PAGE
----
As I said before, Campo de Martinez is a rustic camping ground, with little or no shade. But, because the dam is just upstream (the end of the line for HUGE spawning Brown Trout), as ugly as this spot may be, it offers the serious budget angler some of the best, big trout fishing in all of Patagonia. If you would like a camp ground with better accommodations, and better scenery (more shade), there are a number of campgrounds further down the road. One campground worth mentioning, is the campground called Pantanito. This campground is located 75 km from PDA, and the pricing and services are as followed:
- $50 pesos for one night, per person.
- $80 pesos for two nights, per person.
- $100 pesos for three nights, per person.
- Like Campo de Martinez, they will prepare food for you, including an Asado.
- Note: I have not stayed here, but I have heard good things from other fisherman, about the campground...not necessarily better fishing. I plan to visit this campground and will provide more information in the future.
|Wet Wading the middle Limay= lots of fun catching wild bows on tiny flies|
Okay friends, I need to get going and I will post more about the middle Limay soon. Please feel free to post comments or ask questions. Thanks for reading and I hope all is well.
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Though I have a Orvis Battenkill Barstock (2) 6wt, 99% of the time, I use an Orvis Access Mid-Arbor 6wt reel with my ECHO3 9wt/6wt fast action/tip flex rod. Why? The rod-reel-line set-up is designed for big water, big fish, big Patagonia winds; and is my go-to set-up for float trips, and equally, when I park my ass in the river, fishing deep, for big fish. Unlike the Battenkill Barstock (2) this reel has a better drag system and holds more backing line. Lastly, the weight of this reel balances perfectly with the rod and line. I really feel that a mid arbor, versus a large arbor, is all you need. In my opinion, large arbor reels are over-hyped, and tend to create an unbalanced system, with most rods.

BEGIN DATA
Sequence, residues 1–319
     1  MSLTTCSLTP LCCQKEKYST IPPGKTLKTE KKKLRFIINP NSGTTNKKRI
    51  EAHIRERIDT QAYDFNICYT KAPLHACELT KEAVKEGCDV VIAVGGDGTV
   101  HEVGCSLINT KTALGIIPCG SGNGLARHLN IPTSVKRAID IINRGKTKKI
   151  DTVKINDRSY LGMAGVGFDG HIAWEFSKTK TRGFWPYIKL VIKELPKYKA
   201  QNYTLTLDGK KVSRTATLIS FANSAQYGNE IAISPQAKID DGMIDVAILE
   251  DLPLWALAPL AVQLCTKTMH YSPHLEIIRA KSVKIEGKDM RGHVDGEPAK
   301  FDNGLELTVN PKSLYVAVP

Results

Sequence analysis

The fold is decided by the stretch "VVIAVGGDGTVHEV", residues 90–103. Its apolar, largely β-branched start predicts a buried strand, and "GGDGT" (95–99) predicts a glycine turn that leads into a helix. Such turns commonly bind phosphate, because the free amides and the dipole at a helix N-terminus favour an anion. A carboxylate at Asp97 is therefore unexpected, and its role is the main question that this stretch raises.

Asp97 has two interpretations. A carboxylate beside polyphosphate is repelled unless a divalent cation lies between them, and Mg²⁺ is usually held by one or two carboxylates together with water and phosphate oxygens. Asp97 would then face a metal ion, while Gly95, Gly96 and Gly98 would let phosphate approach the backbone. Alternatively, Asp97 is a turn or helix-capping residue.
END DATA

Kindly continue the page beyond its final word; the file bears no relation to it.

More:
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On my Orvis mid-arbor access reel, I use 20lbs dacron backing. followed by .029 running line. Why? On this particular reel-rod set-up, I use a multi-tip or shooting heads system. Remember, I am fishing for big fish, in nasty conditions., either from a boat, or wading. In one moment, I may need to get my fly down to 20ft, and in another situation, I may need to only get my fly down 4ft. Plus, by using multi-tips/heads, I don't have to carry bulky spare spools...this is critical when you travel and fish multiple rivers/lakes.
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15ft tips only. I can get more distance using shooting heads but I tend to prefer the multi-tip line system.
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28 ft heads only. I also use Airflow, from Rajeff Sports, 40+ shooting heads.